Michael is the vice president and Asia Pacific managing director at cloud-based customer service software provider, Zendesk.
We all know that customer service is important. Large global companies like Apple and Amazon are renowned for their customer service, and their customer retention is a testament to that. This is all well and good for companies with millions to spend on customer service, you may say, but where does that leave startups with small budgets and limited resources?
Below are five tips on how to maximise your customer service and keep those customers happy:
1. Recognize customer service value
First and foremost, successful startups recognise early on that customers are at the core of their business and should be treated with respect. A recent study of the long term impact of customer service experience conducted by Dimensional Research for Zendesk 1, looked at the good, the bad and the ugly of customer service. This research found that customer service has a dramatic impact on buying behaviour, with participants ranking customer service as the number one factor impacting vendor trust.
The survey showed that good customer service results in increased personal and business purchases (with 62 percent of business-to-business and 42 percent of business-to-consumer customers having purchased more after a good customer service experience) while bad customer service drives customers to find alternatives (with 66 percent of B2B and 52 percent of B2C customers having stopped buying after a bad customer service interaction).
If a customer contacts you, they want you to respond quickly, sympathetically and effectively. That’s what drives high customer satisfaction.
2. Respond quickly
Getting back to customers as quickly as possible is imperative. You don’t need an immediate solution but you do need to acknowledge that you are working on it. Our research showed that customer service experiences are judged more on the timeliness of the interaction than on the final outcome (69 percent attributed their good customer service experience to quick resolution of their problem while 72 percent blamed their bad customer service interaction on having to explain their problem to multiple people).
3. Act like the big guys
The key for startups is to behave like large-scale successful enterprises and adopt a mindset that says customer service is a profit centre in your business. Manage your customer service simply, effectively and affordably, and you’ll usually notice you gain an edge on the competition in the process.
Traditionally, customer service has been seen very much as a cost centre for any company rather than a profit centre. Smart startups recognise that they can use technology to not only improve customer service experience across all channels but that they can use it to turn customers into happy customers, and even advocates.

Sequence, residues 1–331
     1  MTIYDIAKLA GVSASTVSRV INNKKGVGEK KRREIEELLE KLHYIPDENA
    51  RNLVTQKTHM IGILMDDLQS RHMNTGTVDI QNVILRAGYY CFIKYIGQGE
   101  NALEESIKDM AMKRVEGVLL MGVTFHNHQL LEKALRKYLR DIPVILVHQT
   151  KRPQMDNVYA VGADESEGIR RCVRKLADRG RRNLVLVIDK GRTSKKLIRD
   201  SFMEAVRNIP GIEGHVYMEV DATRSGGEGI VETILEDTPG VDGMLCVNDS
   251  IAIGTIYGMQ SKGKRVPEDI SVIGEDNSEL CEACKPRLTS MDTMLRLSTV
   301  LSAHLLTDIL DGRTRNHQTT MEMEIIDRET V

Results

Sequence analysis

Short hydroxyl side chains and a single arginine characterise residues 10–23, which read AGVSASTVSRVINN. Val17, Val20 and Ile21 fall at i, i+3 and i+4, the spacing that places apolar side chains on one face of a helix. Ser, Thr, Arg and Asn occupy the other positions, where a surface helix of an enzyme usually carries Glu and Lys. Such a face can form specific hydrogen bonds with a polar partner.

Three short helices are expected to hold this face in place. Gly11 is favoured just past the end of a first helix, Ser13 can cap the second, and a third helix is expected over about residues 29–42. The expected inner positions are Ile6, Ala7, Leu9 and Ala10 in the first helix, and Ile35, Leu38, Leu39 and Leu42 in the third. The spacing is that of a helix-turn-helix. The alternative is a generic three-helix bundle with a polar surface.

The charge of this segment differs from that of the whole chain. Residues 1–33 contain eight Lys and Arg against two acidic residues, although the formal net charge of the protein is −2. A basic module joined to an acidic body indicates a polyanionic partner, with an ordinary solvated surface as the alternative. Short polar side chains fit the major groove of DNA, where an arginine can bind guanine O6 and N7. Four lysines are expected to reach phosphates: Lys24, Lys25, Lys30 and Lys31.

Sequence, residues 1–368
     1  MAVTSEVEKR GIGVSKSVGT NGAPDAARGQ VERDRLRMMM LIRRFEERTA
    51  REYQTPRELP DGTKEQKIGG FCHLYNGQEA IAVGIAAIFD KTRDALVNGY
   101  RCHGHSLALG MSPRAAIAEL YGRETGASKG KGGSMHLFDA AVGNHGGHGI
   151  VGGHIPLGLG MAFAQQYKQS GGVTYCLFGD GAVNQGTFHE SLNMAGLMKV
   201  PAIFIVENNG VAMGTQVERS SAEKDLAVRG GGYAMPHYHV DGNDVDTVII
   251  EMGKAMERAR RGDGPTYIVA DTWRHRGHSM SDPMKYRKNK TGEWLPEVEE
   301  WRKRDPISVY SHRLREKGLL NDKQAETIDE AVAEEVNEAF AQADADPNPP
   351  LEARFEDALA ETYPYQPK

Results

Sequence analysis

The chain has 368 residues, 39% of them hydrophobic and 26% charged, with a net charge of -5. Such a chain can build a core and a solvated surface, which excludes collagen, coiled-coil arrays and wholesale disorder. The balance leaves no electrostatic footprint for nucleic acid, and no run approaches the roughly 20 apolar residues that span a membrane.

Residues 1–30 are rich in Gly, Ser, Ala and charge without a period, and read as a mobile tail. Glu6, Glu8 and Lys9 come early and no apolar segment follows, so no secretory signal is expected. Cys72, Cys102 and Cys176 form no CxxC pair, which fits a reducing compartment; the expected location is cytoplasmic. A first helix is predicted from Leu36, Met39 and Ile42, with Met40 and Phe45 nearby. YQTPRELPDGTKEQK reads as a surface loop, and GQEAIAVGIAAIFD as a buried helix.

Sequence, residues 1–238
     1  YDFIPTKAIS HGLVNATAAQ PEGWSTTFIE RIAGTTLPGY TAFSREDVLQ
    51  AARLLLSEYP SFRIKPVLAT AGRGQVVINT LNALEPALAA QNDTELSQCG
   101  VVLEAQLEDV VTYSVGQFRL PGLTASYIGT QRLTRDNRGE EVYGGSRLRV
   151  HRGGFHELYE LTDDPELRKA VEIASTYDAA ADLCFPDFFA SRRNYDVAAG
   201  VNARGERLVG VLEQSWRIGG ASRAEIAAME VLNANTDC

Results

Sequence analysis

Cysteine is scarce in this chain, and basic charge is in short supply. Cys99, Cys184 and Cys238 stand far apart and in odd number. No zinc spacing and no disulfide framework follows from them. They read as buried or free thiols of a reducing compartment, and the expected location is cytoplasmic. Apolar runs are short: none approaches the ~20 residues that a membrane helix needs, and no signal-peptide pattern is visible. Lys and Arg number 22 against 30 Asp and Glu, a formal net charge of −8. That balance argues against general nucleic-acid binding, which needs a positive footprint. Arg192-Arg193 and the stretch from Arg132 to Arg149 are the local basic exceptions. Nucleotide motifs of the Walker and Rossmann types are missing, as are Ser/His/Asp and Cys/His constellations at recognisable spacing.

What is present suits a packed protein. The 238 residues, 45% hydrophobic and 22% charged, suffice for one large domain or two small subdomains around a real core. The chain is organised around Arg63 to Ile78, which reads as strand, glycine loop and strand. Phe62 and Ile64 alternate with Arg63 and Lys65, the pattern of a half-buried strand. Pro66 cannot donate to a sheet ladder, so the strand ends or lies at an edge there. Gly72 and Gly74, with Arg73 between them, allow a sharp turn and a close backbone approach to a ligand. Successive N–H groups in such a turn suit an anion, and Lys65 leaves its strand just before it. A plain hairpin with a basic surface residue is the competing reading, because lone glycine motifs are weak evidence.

4. Embrace social media
With so many people on Twitter, Facebook and other social media tools, it is important to use these channels as another avenue for interactions with your customer. Offering customer service through the channels that your customers want to use, rather than the channels you want to use, can be an excellent way to deliver great customer service.
Our research showed that social media and review sites are providing increased awareness of customer service experiences (45 percent share bad customer service experiences and 30 percent share good customer service experiences via social media), and these stories influence the purchases of others (88 percent have been influenced by an online customer service review when making a buying decision).
5. Enter the cloud
The introduction of cloud computing means that startups now have access to the same new technology and functionality as large organisations. Indeed, the very nature of a startup organisation means that they are often able to introduce this technology faster and easier, for minimal commitment and up-front cost. Cloud computing tools are also perfectly suited to smart phones and tablets which means business, including customer service, can be managed from anywhere.
Cloud-based helpdesk software can help startups and small businesses compete with larger organisations by having all customer support requests go through one place, irrespective of whether they’ve come in through the website, Twitter, phone or elsewhere. Queries can also be handled from mobile devices, so startups can respond to their customer queries whilst they are out of the office or outside office hours.
Customer service has a long-term impact on buying decisions, with customers continuing to be affected years after the initial interaction. These simple tips will help you to deliver first class customer service that exceeds expectations and turns your customers into advocates for what you have to offer.
Customer service and business results: a survey of customer service from mid-size companies, Dimensional Research, April 2013.